Monday, July 7, 2014
Almost a year ago, Marvel released The Wolverine, something of a makeup for the disastrous X-Men Origins: Wolverine. Hugh Jackman once again reprised the role that made him famous, and director James Mangold surrounded him with an almost entirely Japanese cast. Surprisingly, this movie attempted to continue the already convoluted X-Men movie continuity by taking place after X-Men: The Last Stand.
I'll start by adding a point for the captivating opening of this film. I loved seeing Wolverine during World War II — at Nagasaki, no less. It's about time we saw some of Wolverine's past adventures not in a montage.
And I'll raise the score to a 7 for this lovable, charming hermit Wolverine. It makes sense that he would want to retire from all civilization after a lifetime of wars culminating in him having to murder his girlfriend, Jean Grey. And the bits with Wolverine, the bear and the hunters were great. And it was really funny, too. That's one advantage of having Jackman play this character for so long — he knows how to inject just the right amount of humor without overdoing it.
I've heard there are some epic Wolverine stories that take place in Japan, but I've never read them. However, I will add another point for putting this movie in Japan. We got to see a lot of both traditional Japan and modern Japan. And I think both are fascinating, visually appealing places. I also enjoyed how this movie followed the same subtitle practice used on the TV show Lost. Whenever Wolverine was around and not understanding what anybody was saying, we weren't given any subtitles. It sometimes made following the story difficult, especially with all the foreign names, but I don't mind having to work a little to understand the story.
My first deduction will be for the ridiculous fight on the train. Wolverine is fighting normal humans — ninjas, but not mutants — and they are somehow able to stay on top of a bullet train moving 300 mph by jamming their knives into the roof. No. Wolverine can do that, sure. But not these guys. Or maybe you could show them try, but then fail. But no, this scene just went on and on and on with these ninjas jumping and stabbing the train and crawling on its roof. Just too much for me.
I'll take the score down to a 6 for Wolverine sleeping with Mariko. I don't care if she was his girlfriend in the comics. In this movie, it feels completely out of place. Wolverine looks old enough to be her dad, and he's spent all movie talking about saving her grandfather. Plus, he's been having nightly dreams with Jean. Everything about him sleeping with Mariko felt creepy and wrong.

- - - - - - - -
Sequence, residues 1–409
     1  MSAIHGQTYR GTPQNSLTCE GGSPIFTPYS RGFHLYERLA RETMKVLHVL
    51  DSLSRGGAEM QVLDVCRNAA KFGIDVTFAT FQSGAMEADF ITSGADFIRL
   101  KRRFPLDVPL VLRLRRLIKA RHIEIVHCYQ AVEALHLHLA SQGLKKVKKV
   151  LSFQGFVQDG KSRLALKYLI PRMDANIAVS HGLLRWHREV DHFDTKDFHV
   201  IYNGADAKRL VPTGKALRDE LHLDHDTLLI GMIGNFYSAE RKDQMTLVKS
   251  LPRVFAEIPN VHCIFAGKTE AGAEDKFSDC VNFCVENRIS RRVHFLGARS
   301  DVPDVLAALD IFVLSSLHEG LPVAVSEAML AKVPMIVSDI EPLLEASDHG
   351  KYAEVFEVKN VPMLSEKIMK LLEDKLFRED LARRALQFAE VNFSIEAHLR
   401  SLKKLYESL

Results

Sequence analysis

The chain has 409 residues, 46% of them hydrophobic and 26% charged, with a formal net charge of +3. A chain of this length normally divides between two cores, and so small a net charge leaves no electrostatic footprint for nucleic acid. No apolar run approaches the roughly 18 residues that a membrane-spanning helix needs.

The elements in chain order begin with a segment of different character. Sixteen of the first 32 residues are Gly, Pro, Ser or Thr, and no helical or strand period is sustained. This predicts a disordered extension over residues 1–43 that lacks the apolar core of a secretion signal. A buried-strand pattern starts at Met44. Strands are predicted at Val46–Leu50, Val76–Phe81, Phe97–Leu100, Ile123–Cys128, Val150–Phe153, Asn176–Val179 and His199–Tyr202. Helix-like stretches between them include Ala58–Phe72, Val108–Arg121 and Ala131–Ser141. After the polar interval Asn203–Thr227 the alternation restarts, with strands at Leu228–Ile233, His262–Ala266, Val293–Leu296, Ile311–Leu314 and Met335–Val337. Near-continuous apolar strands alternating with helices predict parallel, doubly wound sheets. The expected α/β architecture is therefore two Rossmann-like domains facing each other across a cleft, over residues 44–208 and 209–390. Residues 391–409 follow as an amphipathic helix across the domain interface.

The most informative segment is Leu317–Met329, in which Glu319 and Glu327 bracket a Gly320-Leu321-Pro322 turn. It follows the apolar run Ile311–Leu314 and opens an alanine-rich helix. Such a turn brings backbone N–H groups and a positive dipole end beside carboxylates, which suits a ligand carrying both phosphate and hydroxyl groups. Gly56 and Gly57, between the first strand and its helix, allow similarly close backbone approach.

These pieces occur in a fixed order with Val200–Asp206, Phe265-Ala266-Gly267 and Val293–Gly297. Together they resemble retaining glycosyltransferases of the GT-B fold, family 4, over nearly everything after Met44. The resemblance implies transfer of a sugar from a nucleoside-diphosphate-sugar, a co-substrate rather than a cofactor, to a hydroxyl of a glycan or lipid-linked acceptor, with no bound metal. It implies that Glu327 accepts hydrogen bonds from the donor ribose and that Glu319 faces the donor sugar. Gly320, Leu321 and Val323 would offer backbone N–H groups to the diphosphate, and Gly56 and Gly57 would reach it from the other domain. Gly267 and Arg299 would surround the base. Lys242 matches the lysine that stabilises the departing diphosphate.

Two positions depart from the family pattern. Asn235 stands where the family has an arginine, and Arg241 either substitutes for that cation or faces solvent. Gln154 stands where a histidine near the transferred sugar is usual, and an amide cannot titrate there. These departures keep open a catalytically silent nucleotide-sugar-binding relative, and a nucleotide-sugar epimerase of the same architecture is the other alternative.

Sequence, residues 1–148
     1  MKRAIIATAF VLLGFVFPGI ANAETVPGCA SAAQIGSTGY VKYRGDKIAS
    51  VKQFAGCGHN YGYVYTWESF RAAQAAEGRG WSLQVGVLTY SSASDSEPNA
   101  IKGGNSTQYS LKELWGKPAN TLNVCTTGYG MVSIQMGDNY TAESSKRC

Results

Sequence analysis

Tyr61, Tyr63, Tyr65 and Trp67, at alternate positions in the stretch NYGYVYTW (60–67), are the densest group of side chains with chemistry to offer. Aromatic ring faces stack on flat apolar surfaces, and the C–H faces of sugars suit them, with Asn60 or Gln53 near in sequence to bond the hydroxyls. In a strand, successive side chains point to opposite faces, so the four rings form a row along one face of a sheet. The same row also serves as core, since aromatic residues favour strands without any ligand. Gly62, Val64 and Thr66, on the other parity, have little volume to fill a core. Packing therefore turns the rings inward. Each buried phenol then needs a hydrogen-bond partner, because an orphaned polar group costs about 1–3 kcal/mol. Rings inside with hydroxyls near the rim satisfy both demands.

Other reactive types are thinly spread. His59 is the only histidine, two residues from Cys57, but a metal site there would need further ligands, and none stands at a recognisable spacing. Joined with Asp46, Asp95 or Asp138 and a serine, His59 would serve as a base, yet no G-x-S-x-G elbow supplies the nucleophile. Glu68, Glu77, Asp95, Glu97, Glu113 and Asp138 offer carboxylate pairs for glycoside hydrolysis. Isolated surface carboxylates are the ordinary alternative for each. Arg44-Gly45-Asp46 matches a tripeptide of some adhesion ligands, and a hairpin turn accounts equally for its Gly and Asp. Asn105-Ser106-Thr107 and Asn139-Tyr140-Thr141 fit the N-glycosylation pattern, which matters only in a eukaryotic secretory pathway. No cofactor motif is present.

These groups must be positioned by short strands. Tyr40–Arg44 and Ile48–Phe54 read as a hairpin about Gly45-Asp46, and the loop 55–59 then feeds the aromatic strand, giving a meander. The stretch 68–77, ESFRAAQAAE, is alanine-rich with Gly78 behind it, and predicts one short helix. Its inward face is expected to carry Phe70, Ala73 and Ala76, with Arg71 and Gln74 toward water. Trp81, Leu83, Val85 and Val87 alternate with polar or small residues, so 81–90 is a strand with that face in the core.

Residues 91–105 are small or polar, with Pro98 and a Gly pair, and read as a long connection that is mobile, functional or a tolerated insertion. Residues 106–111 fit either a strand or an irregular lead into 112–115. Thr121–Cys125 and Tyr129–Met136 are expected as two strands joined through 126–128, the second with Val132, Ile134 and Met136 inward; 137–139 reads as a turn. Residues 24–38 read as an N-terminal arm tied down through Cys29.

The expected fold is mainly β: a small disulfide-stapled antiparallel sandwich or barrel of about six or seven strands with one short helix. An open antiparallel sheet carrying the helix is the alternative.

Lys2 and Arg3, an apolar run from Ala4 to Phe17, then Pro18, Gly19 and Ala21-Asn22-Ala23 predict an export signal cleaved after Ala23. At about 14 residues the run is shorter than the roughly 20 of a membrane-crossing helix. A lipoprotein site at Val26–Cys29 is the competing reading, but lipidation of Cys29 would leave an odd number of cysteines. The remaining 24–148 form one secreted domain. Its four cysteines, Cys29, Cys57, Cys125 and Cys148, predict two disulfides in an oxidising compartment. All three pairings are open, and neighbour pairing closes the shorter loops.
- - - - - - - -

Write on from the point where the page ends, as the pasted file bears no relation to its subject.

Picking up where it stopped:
But I will bring the score back up to a 7 for the intricate plot. We've got ninjas, double betrayals, corrupt politicians and family members. It's all really great. Now let's add on to that an injured and very angry Wolverine. We've rarely seen him actually kill anybody, and it was actually kind of refreshing.
Yashida is an interesting character, but his ultimate plan really fell apart at the end. Ultimately, he wanted Wolverine's healing factor so he could live forever. It took him a year to track Wolverine down and get him to Japan. He made his proposal, which was a fairly convincing argument. Wolverine naturally refused at first, but then he slept on it and had a dream with Jean, and I think he was leaning toward taking Yashida's offer. But instead of waiting for Wolverine to change his mind, Yashida immediately enacted Plan B, which involved faking his death and retreating to a giant samurai suit made of adamantium. That was just too much for me. Minus one point.
And now we fall down to a perfectly average 5 for the disappointing character of Viper. I really liked her showing up to the funeral in a glittery gold dress and happily recording all the fighting with her iPhone. I was really disappointed to find out she was a mutant, but this is an X-Men movie, so I guess we need at least one mutant for Wolverine to fight. But what really made me mad was how disappointing her mutant powers turned out to be. I was fine with her simply manipulating poisons, but then she got shot and dramatically shed her skin. That was kind of exciting, and I was hoping to see some hideous snake creature underneath. But no. She ripped off her skin to reveal ... the exact same person underneath. Oh, and she lost her hair. Big whoop.
Now, if the movie ended there, this would simply be an average superhero movie, which is more than several X-Men films can say. But this movie doesn't end here. As is the case with all good Marvel films, we have a mid-credit scene, which is by far the best mid- or post-credit scene I've ever seen. Sure, seeing Samuel L. Jackson introduce himself as Nick Fury was pretty neat. But seeing Ian McKellen and Patrick Stewart return as Magneto and Professor X was infinitely more exciting. I had forgotten how fun it was to have those two together on the big screen. This was the perfect tease to X-Men: Days of Future Past.
Final score: 6